Physical Techniques to Promote Atmosphere

There are atmospheric things you can do to contribute to a horrific roleplaying game. It is perfectly possible to have a very frightening game in a brightly-lit room (at a recent game everyone was so engrossed in the game that when the sun went down they totally forgot their plan to turn down the lights and light the candles). Instead, however, your group might find any of the following techniques useful. Even if you don’t play horror RPGs you might get some ideas here; many types of games benefit from a little atmosphere.

Start slow with mood techniques. One or two at a time is usually plenty. If you go wild hanging up dark cloths, turning out the lights, lighting candles, playing music, and everything else at once, things could seem more funny than creepy to your players. Less is more, and all that.


Draw the curtains. If the room has plain plastic white shades or Venetian blinds, then cover them with cheap dark cloth. You can find what you need in the sale bins at your local sewing shop, or you can use old sheets or buy a cheap dark sheet set.

If you hang up cloth or other material, make sure that the owner of your venue doesn’t object to the use of pushpins (or whatever you use). If your cloth is dusty then make sure none of your players are allergic to dust mites (it’s the little considerations that count).

Turn down the lights if you have a light with a dimmer switch (halogen lights can be great for this), or just use small dim lamps instead of bright overhead lights.

Make sure any hot halogen lights are nowhere near the excess cloth. Never hang cloth over a halogen light to color the light; you risk setting a fire.

Start your game after sunset, or just as the sun is going down. If you have a good sense of timing, arrange things so that the sun is going down just as things start getting creepy. Make sure your players are capable of staying awake past 9 or 10 PM if you’re going to do this. If they aren’t, or if this isn’t feasible for other reasons, you might substitute with step #1 (drawing the curtains or covering the windows). If you live in the country and the weather is good, you might open the windows so you can feel the night breeze and hear the crickets.

Light candles. Flickering, warm, uncertain candlelight is one of the greatest mood-setters. Keep scissors around to trim the wicks when they start to smoke. If your players have a tendency to ignore the game and play with the candles, then either put the candles out of reach or don’t use them.

Put candles in stable places where they won’t fall over and won’t catch any nearby drapes or books on fire. Preferably use wide candles, not tapers, as they’re less likely to fall over — nothing breaks up a good game like a raging fire! Make sure there are plates or other such holders under the candles to catch dripping wax (you don’t want to have to replace a wax-coated rug or table). Finally, just because it’s a good idea, make sure there’s a fire extinguisher around, and keep one lamp lit somewhere nearby so no one falls over anything if the candles go out.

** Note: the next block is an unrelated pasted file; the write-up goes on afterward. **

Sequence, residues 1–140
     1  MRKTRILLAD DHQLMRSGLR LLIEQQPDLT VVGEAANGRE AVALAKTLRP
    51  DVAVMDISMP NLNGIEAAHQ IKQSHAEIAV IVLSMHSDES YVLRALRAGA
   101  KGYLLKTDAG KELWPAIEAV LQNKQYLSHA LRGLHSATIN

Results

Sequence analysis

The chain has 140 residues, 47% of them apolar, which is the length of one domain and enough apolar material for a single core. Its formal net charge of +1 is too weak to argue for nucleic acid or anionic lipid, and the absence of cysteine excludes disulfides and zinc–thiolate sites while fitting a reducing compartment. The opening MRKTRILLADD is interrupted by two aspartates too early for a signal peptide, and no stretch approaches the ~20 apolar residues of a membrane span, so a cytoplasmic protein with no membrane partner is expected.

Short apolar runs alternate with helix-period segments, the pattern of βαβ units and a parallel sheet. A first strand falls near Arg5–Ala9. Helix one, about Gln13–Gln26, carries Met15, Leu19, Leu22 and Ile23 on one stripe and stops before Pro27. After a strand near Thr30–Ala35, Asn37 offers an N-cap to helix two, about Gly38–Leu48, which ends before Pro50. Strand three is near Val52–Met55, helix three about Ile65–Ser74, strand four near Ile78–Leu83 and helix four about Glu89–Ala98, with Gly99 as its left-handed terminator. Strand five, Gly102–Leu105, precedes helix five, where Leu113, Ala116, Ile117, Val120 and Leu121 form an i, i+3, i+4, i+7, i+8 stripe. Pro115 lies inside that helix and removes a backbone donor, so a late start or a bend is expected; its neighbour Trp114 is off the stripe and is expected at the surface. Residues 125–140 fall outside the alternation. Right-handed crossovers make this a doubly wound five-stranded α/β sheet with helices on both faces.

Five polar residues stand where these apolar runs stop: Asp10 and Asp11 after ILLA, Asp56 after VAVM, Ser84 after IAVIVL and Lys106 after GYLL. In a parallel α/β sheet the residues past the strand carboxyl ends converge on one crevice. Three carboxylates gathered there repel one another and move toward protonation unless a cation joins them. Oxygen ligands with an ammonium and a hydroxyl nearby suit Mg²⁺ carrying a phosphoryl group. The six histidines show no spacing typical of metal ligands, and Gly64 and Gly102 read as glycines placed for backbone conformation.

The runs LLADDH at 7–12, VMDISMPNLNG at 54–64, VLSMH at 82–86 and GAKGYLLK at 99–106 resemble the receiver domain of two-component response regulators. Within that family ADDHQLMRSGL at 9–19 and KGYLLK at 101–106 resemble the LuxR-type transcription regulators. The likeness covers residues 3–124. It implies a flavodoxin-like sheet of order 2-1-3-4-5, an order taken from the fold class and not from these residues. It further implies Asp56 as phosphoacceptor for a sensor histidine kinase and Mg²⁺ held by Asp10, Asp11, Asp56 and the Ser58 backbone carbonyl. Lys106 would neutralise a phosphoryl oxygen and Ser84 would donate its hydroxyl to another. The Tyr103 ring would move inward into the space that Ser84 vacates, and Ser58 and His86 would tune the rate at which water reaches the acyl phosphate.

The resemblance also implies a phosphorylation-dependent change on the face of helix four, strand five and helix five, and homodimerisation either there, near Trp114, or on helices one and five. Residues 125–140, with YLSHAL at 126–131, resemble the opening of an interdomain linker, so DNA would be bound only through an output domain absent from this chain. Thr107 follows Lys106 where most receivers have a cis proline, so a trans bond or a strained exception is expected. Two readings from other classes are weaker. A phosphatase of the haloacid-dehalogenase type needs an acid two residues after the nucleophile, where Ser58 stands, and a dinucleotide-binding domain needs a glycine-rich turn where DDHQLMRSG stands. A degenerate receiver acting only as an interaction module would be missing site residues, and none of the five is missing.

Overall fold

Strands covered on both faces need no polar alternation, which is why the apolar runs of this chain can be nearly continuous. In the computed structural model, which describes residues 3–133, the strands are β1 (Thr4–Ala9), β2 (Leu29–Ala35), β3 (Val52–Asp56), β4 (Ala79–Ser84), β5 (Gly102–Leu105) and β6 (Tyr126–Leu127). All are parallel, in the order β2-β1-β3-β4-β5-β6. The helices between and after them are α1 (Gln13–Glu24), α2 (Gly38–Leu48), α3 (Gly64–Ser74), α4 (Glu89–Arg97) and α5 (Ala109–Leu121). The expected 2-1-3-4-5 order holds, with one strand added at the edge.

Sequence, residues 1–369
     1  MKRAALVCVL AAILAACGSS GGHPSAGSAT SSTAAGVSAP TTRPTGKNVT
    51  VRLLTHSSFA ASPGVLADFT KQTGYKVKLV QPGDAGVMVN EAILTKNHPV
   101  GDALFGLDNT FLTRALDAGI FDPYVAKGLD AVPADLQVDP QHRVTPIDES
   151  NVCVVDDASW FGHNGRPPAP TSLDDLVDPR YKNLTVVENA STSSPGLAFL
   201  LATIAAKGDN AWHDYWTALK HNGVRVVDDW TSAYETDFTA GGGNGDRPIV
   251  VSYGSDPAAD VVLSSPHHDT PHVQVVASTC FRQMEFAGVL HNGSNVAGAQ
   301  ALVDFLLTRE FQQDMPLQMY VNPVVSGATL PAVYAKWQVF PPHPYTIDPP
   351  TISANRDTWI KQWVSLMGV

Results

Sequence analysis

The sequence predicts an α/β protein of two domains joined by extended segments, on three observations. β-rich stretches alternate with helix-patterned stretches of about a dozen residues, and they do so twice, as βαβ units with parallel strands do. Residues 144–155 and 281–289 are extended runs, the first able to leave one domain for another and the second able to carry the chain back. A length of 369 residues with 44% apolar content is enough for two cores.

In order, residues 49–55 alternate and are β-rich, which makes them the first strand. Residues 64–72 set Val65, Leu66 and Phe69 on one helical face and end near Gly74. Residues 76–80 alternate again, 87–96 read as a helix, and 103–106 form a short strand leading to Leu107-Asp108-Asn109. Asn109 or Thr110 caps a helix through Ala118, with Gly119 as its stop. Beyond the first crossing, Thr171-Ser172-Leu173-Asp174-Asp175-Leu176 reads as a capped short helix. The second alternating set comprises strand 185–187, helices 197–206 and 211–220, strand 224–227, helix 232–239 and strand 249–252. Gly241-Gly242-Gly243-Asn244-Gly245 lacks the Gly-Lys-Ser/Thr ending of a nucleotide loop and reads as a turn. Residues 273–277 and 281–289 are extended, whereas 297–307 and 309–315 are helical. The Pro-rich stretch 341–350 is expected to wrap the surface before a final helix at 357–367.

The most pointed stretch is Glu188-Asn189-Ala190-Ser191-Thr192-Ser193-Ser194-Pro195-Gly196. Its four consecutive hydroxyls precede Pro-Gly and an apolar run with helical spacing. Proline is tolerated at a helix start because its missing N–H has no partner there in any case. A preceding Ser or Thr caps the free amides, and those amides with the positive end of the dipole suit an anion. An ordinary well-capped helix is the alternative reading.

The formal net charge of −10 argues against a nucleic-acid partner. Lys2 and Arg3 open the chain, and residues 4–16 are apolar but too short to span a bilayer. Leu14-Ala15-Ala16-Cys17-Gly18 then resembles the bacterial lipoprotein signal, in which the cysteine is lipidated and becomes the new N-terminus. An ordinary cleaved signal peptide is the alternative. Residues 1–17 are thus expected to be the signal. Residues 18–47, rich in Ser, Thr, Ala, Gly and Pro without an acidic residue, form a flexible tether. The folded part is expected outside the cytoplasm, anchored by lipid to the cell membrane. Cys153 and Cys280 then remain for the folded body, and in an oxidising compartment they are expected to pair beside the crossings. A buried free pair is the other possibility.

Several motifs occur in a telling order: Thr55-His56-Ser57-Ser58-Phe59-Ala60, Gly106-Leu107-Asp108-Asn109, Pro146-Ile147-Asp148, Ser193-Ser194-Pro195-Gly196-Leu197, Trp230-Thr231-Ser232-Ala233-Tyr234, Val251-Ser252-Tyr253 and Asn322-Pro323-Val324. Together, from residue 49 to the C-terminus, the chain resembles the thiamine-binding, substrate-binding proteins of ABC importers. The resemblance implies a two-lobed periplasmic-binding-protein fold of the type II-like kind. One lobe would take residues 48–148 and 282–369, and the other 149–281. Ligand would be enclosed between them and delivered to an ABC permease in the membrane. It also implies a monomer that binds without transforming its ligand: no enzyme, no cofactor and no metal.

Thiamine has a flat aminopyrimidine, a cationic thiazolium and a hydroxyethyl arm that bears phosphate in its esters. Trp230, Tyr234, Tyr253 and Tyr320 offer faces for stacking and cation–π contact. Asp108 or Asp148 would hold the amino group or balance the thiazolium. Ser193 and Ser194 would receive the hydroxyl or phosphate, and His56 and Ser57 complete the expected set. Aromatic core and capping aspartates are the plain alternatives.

Use dark-colored candles. If you make your own or buy ones with flat sides, you can carve and paint the outlines of strange symbols into them. (I find a metal tool called a burnisher, with a rounded tip, available in art supply stores, to be perfect for this task. Use it together with a few plastic design templates or your own designs.) Simple line art and unusual borders are often best. (See the above cautionary notes on the use of candles.)

Hang the room with dark or exotic cloths, odd posters, or unusual pictures, photos, and tapestries. (See above cautionary note on the hanging of cloth.)

Keep a few odd, unique, beautiful props around. Find interesting things in antique and second-hand stores. Beautiful and exotic glass bottles, antiqued mirrors, and little fetishes. These work either as scenery to help lend an exotic air to the room, or as representations of actual items within the game.


Play quiet, creepy music in the background. Preferably avoid anything with lyrics, as this may distract players who have a tendency to sing along or wonder what the lyrics are. Movie scores often work well. Music works very well for some groups and very poorly for others; this is definitely an issue of personal taste. If it doesn’t work for you, don’t use it. If you have a particularly good sense of timing or you know the CD very well and don’t mind mucking with track order while you’re GMing, you may be able to use the music creatively to enhance the buildup of a creepy feeling. If your timing sucks, you may instead end up with the love theme playing during the climactic battle. Keep in mind that if you let the same CD run over and over for an entire evening, you may drive some players stark raving mad.

Music is one technique that ports particularly well to other types of games, as you can always find music to suit whatever mood you’re going for.


Have your run in a location that promotes atmosphere. This may be a dark basement or musty attic. Some groups even have their games in really odd outdoor places, but this may cause more problems than it solves. Make sure none of your players are allergic to musty places or whatever plants are in bloom before you try this, and make sure you’ll have enough light to play by. Then there’s the issue of rain…

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